Earlier this year, I had a chance to try all four types of flat-bed business class seats that Singapore Airlines currently operates.
The first of the four flights took me from Mumbai to Singapore onboard the airline’s Airbus A350-900. Continue reading this review to see what the flight was like.
Check-in and Boarding
After arriving at the airport, I headed to Singapore Airlines’ business class check-in counter. As usual, the process was courteous and smooth – a typical Singapore Airlines experience.
Airside, I wondered a bit around the terminal – Mumbai airport’s terminal 2 is stunningly beautiful and was originally built with the concept of combining an airport terminal with an art museum – before heading to the GVK Lounge which I reviewed before.
Just like the check-in, the boarding was efficient as well.
There was a business class lane reserved for the actual business class passengers and PPS Club (status that can be achieved by spending 25,000 SGD on Singapore Airlines tickets in a year) members.
Economy class passengers with Star Alliance Gold status had to board with premium economy passengers instead.
Singapore Airlines A350 Business Class Cabin and Seat
Singapore Airlines operates A350s in three different configurations:
- Three-class long-haul configuration with a total of 253 seats (42 business class, 24 premium economy class, and 187 economy class)
- Two-class regional configuration with a total of 303 seats (40 business class, 263 economy class)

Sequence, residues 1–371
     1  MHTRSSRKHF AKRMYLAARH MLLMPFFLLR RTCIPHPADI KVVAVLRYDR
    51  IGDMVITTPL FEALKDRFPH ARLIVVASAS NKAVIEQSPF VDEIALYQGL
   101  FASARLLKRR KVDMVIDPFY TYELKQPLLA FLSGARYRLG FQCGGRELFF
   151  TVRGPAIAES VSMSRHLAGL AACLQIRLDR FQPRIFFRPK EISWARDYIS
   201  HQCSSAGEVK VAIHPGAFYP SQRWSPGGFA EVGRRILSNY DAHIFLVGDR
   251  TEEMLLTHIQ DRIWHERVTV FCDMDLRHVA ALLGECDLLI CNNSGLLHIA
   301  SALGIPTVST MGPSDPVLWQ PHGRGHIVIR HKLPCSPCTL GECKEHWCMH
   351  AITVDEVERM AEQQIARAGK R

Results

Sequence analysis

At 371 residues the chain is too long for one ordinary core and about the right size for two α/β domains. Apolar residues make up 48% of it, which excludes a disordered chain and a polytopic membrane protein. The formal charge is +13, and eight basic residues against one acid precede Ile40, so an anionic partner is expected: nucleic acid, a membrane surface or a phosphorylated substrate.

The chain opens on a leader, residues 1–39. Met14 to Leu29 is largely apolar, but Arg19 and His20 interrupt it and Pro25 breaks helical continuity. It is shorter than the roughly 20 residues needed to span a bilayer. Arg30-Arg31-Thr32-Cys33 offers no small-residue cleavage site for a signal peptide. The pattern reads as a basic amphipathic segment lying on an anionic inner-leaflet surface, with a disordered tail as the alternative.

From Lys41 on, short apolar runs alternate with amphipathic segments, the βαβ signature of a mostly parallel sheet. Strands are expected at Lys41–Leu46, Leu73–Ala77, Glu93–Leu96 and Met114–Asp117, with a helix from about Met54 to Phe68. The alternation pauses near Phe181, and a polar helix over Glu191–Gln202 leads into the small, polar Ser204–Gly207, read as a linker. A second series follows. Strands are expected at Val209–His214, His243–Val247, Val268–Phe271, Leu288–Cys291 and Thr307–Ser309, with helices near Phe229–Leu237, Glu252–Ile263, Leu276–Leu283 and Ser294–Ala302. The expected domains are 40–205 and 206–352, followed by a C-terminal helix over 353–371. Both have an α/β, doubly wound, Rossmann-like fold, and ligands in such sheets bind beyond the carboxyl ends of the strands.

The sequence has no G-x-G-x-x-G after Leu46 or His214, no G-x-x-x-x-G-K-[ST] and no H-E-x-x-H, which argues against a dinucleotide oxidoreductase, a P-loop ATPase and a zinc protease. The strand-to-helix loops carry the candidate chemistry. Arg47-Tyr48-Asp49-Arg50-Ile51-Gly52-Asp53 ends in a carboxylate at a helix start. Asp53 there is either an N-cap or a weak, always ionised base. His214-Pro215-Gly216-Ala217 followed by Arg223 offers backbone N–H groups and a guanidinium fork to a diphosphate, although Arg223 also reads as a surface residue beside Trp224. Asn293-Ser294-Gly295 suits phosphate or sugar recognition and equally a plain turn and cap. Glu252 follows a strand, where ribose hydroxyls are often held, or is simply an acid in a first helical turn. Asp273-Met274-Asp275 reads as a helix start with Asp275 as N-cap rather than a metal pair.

- Two-class ultra-long-haul configuration with a total of 161 seats (67 business class, 94 premium economy class)
The two-class regional configuration was only introduced recently and the ultra-long-haul configuration can be found onboard the airline’s A350-900ULR which operates the world’s longest flight among others. My flight was operated using an aircraft with the standard three-class configuration.
When I first reached my seat, I was shocked by its massive size. It was, by far, the wides aircraft seat I’d flown on – that includes the first class seats I had the chance to fly in (not that there were that many).
While the seat was wide, that cannot be said about the foot space – as is the case with many of the “modern” business class seats. Being 167 cm high, it didn’t bother me at all, although I can see how it could be restrictive for taller people.
As for the seat’s storage areas, there was a small space that could fit a pair of shoes under the seat, and there were several other open and covered smaller areas around the seat that could be used for storing smaller items such as cellphones and glasses. However, any larger pieces of luggage had to be placed in the overhead compartments.
Next to one of the storage compartments, there was also a small vanity mirror.
There were no individual air nozzles above the seat.
Other than the above, the outer armrest featured the seat controls, and there were reading lights on both sides of the seat. There were also a universal power outlet and USB (and some other) ports.
The one unusual seat feature that caught my attention was the ability to adjust the height of the tray table.
Departing Mumbai Airport
Singapore Airlines doesn’t provide a full amenity kit in business class. Instead, only slippers, socks, and an eye shade were waiting at the seat upon boarding. Other amenities could be found in the lavatories.
The flight’s menu (as well as the in-flight magazine, entertainment guide, safety card, and other printed materials) were prepared at the seat as well.
While preparing for departure, the cabin crew came around offering pre-departure drinks. I went with a glass of orange juice, and not long after finishing it, we were ready to depart.
We taxied past the slums surrounding Mumbai airport, and took off. After take off, it was possible to get an idea of just how large the slums in the city are.
Once the seatbelt signs were switched off, I headed to one of the lavatories. It was well stocked with amenities including dental kits and shaving razors (just like Singapore Airlines economy class lavatories are), and there was a changing board as well.